By Bill Peckham
I watched the Blue Angels this weekend. Every year, as part of Seafair the Navy air team is here in Seattle on the first weekend of August and between the hydroplane heats they preform their signature maneuvers over Lake Washington.
Taking advantage of the free entertainment above their lake front home, a University of Washington nephrologist and her husband hosted a fund raiser for Northwest Kidney Centers. Sitting at the water's edge watching the air show, I was struck that the event neatly illustrated much of what is unique and valuable about the organization.
Northwest Kidney Centers is the result of Dr. Belding Scribner's vision of how the provision of dialysis should be organized. Given all the possible ways one could provide dialysis Scribner imagined something that did not exist in 1961.
Scribner's vision was for there to be a not-for-profit, community based organization to steward the community's kidney health. Scribner imagined an organization that could partner with the community, and act on the community's behalf.
Scribner's vision, which started with just three patients in 1962, has grown into today's Northwest Kidney Centers, which serves thousands of Washington State residents every year through their incenter, hospital and pharmacy programs. If Scribner could have been at the event on Saturday he would be proud of the organization his vision launched in 1962, he would have seen that the still not-for-profit Northwest Kidney Centers is busy growing its partnership with the community.
It's not Northwest Dialysis Centers, it is Northwest Kidney Centers with the mission to promote the optimal health, quality of life and independence of people with kidney disease, through patient care, education and research. The event Saturday wasn't in support of dialysis, it was in support of Northwest Kidney Centers transplant services and research efforts. As stewards of the community's kidney health Northwest Kidney Centers promotes transplant as a first line treatment for severe chronic kidney disease. Ideally people with diminishing kidney function can go straight to transplant without ever starting dialysis.
Northwest Kidney Centers doesn't profit when someone has a preemptive transplant, but as Scribner imagined the organization is owned by the community and is therefor dedicated to the community's kidney health, not just the community's dialysis needs. Dedication to what is best for the community is an unique and valuable characteristic of Northwest Kidney Centers, and it compels a commitment to kidney research.
Research provides hope. As good as Northwest Kidney Centers is they understand that it isn't enough to keep doing what they've always done, we all have to do better. Research is how we will get better. As stewards of the community's kidney health Northwest Kidney Centers partnered with UW Medicine to create a Kidney Research Institute with a three pronged research mission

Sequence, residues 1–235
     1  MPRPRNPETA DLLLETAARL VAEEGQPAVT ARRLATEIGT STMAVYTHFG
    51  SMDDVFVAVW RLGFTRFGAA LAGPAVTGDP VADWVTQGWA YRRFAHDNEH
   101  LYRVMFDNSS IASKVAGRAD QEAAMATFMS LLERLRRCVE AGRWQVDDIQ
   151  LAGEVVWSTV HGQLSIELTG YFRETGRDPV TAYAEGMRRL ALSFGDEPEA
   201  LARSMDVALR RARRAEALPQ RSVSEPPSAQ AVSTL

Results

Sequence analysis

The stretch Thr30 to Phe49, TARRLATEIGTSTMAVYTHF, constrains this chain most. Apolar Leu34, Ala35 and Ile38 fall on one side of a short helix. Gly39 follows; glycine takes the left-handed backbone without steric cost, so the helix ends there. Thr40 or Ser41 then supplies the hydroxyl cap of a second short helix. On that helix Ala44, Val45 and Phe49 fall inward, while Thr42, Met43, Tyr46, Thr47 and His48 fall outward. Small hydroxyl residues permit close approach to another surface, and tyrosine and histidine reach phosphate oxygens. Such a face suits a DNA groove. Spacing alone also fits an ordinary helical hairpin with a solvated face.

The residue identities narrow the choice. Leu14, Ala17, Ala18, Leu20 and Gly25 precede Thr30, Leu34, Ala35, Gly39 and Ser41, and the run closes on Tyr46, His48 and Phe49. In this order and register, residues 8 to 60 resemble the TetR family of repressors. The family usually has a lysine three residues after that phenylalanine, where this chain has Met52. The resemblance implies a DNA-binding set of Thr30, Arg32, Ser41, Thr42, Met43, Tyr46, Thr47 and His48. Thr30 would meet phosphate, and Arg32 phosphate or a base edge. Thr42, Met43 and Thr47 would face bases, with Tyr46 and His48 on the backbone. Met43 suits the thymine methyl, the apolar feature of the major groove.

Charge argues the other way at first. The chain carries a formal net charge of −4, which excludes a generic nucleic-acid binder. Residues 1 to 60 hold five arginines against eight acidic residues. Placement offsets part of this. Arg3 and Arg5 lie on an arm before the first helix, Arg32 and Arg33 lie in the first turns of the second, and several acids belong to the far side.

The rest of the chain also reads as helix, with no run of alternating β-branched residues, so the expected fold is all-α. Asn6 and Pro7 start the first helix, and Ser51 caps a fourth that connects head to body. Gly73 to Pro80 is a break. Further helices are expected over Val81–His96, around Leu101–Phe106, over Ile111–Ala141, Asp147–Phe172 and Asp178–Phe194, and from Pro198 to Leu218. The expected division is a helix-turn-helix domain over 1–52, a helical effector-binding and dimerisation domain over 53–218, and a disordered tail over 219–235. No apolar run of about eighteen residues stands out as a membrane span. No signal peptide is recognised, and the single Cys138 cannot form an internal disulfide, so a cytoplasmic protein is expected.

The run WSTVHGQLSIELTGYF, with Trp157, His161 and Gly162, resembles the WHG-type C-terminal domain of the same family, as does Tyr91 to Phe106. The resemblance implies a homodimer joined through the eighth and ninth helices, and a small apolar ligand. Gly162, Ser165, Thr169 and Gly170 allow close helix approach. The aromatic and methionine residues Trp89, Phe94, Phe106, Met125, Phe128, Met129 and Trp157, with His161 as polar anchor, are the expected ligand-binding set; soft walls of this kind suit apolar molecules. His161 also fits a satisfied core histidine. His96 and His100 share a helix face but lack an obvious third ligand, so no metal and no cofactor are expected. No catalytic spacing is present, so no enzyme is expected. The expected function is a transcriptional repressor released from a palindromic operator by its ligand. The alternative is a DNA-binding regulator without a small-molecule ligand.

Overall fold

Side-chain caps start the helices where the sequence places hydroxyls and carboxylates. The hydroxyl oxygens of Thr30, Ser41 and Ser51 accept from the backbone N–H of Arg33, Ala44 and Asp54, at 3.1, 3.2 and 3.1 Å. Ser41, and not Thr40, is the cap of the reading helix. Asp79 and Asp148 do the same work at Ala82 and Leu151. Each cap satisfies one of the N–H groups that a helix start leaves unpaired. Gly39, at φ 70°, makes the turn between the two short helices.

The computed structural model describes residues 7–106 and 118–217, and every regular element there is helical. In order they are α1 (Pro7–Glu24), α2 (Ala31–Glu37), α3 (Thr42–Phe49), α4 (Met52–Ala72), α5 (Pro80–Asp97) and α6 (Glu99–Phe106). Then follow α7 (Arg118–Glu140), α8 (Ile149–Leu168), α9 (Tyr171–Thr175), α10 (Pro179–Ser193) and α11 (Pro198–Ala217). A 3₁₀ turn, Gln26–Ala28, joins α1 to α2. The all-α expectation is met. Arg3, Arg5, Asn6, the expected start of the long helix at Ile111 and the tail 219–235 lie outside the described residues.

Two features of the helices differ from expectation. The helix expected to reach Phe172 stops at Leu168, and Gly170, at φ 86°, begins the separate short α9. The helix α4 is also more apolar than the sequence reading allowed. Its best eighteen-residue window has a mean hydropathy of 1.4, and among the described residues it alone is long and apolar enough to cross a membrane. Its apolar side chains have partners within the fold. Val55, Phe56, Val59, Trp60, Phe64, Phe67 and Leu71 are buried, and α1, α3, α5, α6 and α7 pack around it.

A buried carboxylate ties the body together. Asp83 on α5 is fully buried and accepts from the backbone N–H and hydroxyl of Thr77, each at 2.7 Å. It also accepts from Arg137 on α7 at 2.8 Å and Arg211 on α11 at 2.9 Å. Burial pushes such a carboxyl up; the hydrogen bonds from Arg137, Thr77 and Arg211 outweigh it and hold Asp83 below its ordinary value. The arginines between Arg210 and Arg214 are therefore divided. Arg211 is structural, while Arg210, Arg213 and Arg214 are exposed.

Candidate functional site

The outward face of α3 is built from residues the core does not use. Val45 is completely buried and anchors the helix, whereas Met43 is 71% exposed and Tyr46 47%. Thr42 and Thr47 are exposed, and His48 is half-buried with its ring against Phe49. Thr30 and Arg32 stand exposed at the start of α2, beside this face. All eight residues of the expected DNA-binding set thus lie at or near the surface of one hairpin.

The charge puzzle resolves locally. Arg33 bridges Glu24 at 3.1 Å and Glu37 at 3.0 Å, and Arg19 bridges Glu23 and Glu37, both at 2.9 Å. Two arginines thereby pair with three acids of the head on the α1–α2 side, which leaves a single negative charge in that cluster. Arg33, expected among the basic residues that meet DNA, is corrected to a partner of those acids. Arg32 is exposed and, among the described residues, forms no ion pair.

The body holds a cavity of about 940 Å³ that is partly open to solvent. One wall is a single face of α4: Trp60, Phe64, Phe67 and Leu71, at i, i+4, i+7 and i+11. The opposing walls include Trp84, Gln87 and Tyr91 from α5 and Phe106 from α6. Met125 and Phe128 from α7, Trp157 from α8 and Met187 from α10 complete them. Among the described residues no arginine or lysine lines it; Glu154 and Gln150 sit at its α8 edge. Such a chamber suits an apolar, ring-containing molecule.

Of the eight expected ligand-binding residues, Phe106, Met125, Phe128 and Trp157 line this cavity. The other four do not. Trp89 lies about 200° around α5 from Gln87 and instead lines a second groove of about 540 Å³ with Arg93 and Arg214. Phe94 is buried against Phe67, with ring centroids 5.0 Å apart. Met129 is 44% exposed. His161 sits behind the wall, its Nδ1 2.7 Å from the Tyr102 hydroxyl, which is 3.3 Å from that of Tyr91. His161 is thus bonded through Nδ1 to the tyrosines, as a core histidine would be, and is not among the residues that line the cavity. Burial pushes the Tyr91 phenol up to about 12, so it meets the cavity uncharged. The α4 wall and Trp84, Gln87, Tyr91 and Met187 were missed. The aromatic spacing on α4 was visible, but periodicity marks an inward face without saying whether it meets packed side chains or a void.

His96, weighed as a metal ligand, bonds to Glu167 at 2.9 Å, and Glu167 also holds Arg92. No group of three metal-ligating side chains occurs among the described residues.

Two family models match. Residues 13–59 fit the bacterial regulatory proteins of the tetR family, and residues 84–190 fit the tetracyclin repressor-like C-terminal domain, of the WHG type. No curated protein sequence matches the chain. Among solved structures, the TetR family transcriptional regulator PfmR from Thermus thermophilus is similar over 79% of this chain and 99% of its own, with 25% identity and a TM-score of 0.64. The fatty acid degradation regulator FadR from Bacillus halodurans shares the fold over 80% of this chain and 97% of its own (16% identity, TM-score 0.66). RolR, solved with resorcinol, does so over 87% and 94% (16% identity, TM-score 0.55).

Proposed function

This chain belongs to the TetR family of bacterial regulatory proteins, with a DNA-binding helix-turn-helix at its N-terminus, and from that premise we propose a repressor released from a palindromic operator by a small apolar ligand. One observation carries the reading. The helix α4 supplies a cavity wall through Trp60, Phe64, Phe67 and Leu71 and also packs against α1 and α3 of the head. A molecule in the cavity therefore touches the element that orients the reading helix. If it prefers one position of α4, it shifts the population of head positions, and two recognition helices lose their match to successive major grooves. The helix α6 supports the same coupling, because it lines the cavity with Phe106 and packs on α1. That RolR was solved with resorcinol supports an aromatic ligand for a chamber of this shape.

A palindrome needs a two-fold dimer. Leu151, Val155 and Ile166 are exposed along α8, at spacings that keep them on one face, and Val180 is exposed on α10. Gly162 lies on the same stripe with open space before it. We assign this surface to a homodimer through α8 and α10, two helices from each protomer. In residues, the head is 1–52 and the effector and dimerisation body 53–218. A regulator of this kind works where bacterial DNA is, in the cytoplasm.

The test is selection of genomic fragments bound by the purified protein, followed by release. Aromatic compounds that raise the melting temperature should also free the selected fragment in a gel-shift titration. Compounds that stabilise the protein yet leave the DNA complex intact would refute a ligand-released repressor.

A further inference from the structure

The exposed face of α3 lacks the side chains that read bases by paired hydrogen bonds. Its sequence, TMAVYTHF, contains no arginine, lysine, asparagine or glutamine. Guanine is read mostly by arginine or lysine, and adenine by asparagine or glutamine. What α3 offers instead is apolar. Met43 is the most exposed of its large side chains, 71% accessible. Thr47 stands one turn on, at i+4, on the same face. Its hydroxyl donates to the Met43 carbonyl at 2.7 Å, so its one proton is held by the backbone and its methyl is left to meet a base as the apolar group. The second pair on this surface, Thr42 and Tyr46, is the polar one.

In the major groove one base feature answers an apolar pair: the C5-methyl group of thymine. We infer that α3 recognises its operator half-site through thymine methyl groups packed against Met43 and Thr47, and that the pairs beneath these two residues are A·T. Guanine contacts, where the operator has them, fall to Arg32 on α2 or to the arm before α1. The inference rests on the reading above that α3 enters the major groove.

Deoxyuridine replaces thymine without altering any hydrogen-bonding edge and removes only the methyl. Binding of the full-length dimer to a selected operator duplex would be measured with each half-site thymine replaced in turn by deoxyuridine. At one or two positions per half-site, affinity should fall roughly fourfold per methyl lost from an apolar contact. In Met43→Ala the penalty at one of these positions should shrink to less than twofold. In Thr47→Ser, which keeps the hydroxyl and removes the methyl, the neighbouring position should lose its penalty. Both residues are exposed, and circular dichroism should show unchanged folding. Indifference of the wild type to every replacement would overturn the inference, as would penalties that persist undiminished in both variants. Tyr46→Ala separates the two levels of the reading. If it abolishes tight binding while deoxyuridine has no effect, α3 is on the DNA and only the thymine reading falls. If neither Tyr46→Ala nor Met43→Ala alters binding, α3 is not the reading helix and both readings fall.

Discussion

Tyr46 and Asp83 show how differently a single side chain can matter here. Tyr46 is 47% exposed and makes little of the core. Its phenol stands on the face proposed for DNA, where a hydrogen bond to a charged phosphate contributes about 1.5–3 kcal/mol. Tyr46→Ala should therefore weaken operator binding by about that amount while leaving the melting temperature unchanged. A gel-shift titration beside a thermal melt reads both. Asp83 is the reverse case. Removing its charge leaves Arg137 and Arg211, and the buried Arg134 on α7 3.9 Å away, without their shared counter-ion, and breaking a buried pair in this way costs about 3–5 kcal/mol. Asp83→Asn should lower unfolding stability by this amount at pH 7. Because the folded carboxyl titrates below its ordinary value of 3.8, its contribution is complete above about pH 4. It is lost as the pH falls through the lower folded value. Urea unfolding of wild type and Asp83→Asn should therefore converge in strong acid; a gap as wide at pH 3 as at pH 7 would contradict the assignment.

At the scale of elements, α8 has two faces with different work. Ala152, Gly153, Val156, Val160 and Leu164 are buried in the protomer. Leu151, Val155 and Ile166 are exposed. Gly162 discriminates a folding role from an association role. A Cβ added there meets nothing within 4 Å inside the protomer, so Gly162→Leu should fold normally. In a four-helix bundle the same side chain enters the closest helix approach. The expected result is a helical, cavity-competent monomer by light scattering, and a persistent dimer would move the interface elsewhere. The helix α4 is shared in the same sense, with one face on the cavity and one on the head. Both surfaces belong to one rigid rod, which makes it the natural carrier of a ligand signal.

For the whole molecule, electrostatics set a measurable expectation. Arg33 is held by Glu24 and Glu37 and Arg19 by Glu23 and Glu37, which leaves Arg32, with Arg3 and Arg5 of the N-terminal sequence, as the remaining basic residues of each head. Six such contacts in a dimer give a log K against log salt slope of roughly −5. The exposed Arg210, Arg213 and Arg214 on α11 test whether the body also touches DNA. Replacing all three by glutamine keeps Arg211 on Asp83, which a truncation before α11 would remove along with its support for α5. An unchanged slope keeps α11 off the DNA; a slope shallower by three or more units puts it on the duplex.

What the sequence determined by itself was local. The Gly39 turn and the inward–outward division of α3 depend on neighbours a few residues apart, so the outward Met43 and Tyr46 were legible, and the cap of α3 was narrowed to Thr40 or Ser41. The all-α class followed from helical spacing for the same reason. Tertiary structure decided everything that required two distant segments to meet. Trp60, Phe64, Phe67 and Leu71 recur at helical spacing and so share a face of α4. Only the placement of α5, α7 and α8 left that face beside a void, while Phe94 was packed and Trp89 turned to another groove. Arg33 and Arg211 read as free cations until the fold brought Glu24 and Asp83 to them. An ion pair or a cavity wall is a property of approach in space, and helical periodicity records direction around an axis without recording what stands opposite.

On Saturday we heard that the KRI has already generated over 20 million dollars in research grants in just its first two years.
Scientific investigation. The KRI conducts research with high potential to tangibly improve the lives of people with kidney disease; for example, by understanding uremia and other complications from loss of kidney function.
Training. The KRI trains pre- and postdoctoral fellows in a multidisciplinary, collaborative approach to clinically relevant questions.
Collaboration. The KRI collaborates and interacts within Northwest Kidney Centers and the UW Medicine Division of Nephrology, as well as with other Department of Medicine divisions, School of Medicine departments, and with the University of Washington Schools of Public Health and Community Medicine, Education, Business, Engineering, Information Technology and Public Affairs. Clinical research space is at Harborview Medical Center and at Northwest Kidney Centers.
20 million dollars of research grants is a great start but even more exciting is that as donor support grows, the KRI can scale up to bring more minds, grants and collaborations into the fight against kidney disease. As support grows the KRI's research will shape the future of kidney treatment around the world. It's an exciting development.
Northwest Kidney Centers created the Kidney Research Institute because we need the Kidney Research Institute. But it was due to Scribner's vision that we had in place an organization that was able to identify and act on this pressing need. Because of Scribner's vision we have an organization with the ability to focus community support on kidney research. Because of Scribner's vision we have an organization that is promoting preemptive kidney transplants. It was a low key fund raiser on a cloudy Saturday, but it really could only have happened in Seattle.